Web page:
Booktube precursor, breaking the mould, and pottering around Pottermore: a Q&A with booktuber SableCaught

Recently we got the chance to put a few questions to booktuber Stevie (of SableCaught) and find out ALL the answers to what life is like on YouTube, how she got started, and  why she was “the internet’s equivalent of the Dickensian urchin”.

What first attracted you to booktube and made you begin posting your own videos? Basically being a fan girl. The vlogbrothers were the first YouTubers I stumbled across (some time back in 2009) and I remember I ended up marathoning all their videos in about 3 days flat. They led me to discover the wider YouTube community and for a couple of years I just avidly watched everything I could lay my eyes on until I could take no more. I was starting to feel like the internet’s equivalent of the Dickensian urchin, standing outside in the snow on Christmas morning, nose pressed up against the glass, as I watched more fortunate children inside a warm and loving household, tearing gregariously at coloured wrapping paper. I realised, basically, that I too had a voice, and I didn’t just want to be listening to the conversation any more, I wanted to be part of it.

How long have you been an active member of the community?
I posted my first ever video just over 5 years ago *waves balloons and banners* but back then there wasn’t really a ‘booktube’ community to be part of. I started making videos, and of course they were about books, because my life is about books, but it was a little while of throwing content out there before, bit by bit, bookish YouTubers began to discover each other, and booktube was born.

What equipment do you use to film your videos? The majority of my videos are filmed on my Canon 60D and I also use a Rode shotgun mic to take audio. I have been very lucky to be able to borrow friend’s cameras for bigger projects, for instance my interview with Brandon Sanderson was filmed on two cameras, my own and a friend’s Canon 5D. For interviews I’ll often record sound separately as well for which I have a tascam dr-40. I edit in Final Cut Pro X.

For anyone unfamiliar, can you describe your channel and content in only one sentence? ‘The life and thoughts of a book-obsessive.’ I don’t always like to stick to traditional booktube videos like hauls and tags (although I do sometimes do them), instead I just like to pick a topic of conversation and talk about it. Sometimes that will be about a book I just read or reading in general but sometimes that will be about dealing with university or an amazing trip I got to go to. It’s basically my (very book-filled) life on a not so silver-y screen.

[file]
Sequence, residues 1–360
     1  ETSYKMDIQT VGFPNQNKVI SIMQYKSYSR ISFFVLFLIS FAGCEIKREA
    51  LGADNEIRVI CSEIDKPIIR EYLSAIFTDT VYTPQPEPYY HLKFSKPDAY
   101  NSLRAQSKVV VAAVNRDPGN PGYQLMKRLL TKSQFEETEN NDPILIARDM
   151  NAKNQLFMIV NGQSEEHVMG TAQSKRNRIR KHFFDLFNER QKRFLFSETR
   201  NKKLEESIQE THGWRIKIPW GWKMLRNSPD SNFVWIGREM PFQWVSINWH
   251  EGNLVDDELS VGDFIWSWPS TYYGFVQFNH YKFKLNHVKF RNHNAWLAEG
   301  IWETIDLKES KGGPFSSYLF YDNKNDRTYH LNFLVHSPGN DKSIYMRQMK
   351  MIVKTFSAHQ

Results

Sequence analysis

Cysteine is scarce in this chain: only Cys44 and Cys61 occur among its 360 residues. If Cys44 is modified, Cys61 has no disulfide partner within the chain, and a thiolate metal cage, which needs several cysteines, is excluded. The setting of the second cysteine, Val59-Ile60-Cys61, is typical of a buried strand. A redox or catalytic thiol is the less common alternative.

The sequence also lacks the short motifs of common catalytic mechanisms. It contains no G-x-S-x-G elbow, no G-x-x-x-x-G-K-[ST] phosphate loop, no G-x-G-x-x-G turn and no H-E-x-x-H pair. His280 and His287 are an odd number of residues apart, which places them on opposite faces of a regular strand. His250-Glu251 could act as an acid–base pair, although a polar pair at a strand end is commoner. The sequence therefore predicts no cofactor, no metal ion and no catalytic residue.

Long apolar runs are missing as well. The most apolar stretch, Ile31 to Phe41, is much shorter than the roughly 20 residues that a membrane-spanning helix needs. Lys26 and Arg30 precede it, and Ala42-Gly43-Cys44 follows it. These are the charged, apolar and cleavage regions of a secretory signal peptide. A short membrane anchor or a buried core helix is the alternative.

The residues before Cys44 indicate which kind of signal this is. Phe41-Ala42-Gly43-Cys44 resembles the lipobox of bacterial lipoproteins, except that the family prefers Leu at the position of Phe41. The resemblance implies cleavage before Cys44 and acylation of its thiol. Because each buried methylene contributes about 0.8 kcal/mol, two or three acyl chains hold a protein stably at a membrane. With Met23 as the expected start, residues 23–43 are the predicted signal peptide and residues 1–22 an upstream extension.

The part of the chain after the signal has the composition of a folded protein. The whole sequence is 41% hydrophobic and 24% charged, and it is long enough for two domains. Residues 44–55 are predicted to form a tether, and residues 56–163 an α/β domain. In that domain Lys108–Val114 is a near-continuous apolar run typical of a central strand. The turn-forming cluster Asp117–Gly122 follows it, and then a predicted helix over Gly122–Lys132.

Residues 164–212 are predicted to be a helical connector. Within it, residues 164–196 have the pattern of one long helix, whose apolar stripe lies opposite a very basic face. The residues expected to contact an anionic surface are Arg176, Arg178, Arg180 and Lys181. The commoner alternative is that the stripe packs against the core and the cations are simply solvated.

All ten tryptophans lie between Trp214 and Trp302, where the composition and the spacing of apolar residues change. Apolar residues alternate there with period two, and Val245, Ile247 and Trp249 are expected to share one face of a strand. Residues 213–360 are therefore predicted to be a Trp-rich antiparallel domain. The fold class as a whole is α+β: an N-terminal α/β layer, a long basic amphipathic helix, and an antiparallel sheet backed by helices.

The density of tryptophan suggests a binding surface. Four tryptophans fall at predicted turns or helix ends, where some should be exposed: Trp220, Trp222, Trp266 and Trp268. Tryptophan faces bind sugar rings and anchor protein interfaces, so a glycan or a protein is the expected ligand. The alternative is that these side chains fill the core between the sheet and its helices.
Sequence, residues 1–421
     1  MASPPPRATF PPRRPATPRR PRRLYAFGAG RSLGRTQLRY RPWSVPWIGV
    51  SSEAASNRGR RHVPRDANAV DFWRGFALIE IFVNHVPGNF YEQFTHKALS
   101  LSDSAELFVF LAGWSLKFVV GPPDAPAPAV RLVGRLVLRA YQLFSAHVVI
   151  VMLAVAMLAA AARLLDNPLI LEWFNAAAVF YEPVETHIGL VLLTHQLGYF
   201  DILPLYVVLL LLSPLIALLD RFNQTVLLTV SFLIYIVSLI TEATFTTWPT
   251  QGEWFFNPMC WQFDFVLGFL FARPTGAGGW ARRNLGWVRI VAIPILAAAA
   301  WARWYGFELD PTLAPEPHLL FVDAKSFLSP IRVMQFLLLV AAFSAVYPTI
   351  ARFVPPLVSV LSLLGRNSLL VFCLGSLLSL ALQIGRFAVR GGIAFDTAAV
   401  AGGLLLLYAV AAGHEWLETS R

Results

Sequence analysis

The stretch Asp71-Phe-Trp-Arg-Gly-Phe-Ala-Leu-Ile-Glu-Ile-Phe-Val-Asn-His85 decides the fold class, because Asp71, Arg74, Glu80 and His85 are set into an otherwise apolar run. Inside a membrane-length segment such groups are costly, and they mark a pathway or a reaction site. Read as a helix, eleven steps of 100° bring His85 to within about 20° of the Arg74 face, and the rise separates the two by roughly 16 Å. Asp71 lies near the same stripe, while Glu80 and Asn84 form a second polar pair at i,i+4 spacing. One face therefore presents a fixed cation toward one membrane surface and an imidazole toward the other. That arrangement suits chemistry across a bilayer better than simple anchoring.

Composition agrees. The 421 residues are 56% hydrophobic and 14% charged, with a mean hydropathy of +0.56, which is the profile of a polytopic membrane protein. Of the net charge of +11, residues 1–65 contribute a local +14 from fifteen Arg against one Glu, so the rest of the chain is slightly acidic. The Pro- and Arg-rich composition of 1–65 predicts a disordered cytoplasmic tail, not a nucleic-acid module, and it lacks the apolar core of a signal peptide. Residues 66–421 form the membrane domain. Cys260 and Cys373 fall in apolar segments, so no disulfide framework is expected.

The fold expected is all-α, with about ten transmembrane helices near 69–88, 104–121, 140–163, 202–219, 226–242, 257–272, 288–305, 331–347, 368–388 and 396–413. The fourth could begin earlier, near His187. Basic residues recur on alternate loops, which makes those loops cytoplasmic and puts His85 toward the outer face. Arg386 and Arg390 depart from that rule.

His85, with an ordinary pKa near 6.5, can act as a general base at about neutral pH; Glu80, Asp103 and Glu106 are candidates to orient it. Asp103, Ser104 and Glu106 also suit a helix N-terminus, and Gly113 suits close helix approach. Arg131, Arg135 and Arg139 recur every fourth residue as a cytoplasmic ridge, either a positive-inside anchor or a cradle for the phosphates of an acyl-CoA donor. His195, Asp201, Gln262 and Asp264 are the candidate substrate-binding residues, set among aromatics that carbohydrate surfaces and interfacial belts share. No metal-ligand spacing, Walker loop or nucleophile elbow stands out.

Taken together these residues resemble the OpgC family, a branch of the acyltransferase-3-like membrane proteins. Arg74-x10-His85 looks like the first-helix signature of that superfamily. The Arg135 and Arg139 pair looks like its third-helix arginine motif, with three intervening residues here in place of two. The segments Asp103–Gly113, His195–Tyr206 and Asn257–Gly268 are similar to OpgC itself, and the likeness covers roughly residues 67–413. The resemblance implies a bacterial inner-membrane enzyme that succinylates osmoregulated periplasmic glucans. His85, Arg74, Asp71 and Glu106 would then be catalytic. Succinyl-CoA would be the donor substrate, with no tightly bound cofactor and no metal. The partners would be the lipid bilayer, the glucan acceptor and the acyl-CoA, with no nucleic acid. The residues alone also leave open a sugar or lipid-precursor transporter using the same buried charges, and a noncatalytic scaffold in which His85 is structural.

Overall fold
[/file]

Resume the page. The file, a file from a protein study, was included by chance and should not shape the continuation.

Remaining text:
Booktube has become a massive online influencer in its own right, growing and growing each day. What sets your channel apart from the mass? I would hope the thing that is key to my channel is that I try to make my videos sound beautiful, I go a bit lyrical with it all. I script the majority of my content and I can often take quite a while writing pieces, trying to get each and every sentence exactly right. I want people to watch my videos and find something almost poetical about them.

‘Pottermore’ is one of your most popular videos. Can you tell us about what went into making it and what its reception from your viewers was like? My Pottermore video was something of a rags to riches tale. I’d been making videos for about 3 months when JK Rowling released some clues around the internet hinting at the upcoming launch of her now well established Pottermore website. All I did was go around and collect these clues, read up on fansites and theories, muse myself as to what these letters might mean and get all that into a video. The key is I did it quickly, mine was one of the first videos out there, so as people over the next few days kept googling Pottermore to try and find out what on earth it was, my video was there for them. It did mean I went to bed one night, someone who would be lucky if she got 100 views on a video and woke up the next morning with many tens of thousands! It was good for me at the time but that video still has almost 4 times as many views as my next highest video. I do one day hope that some of my personal favourite videos like How to read ALL THE BOOKS  and Sometimes I Lose a Book… catch up!

Thanks so much to Stevie for chatting to us! If you’re interested in her videos you can watch them here, or tweet your own questions to her @StevieFinegan.

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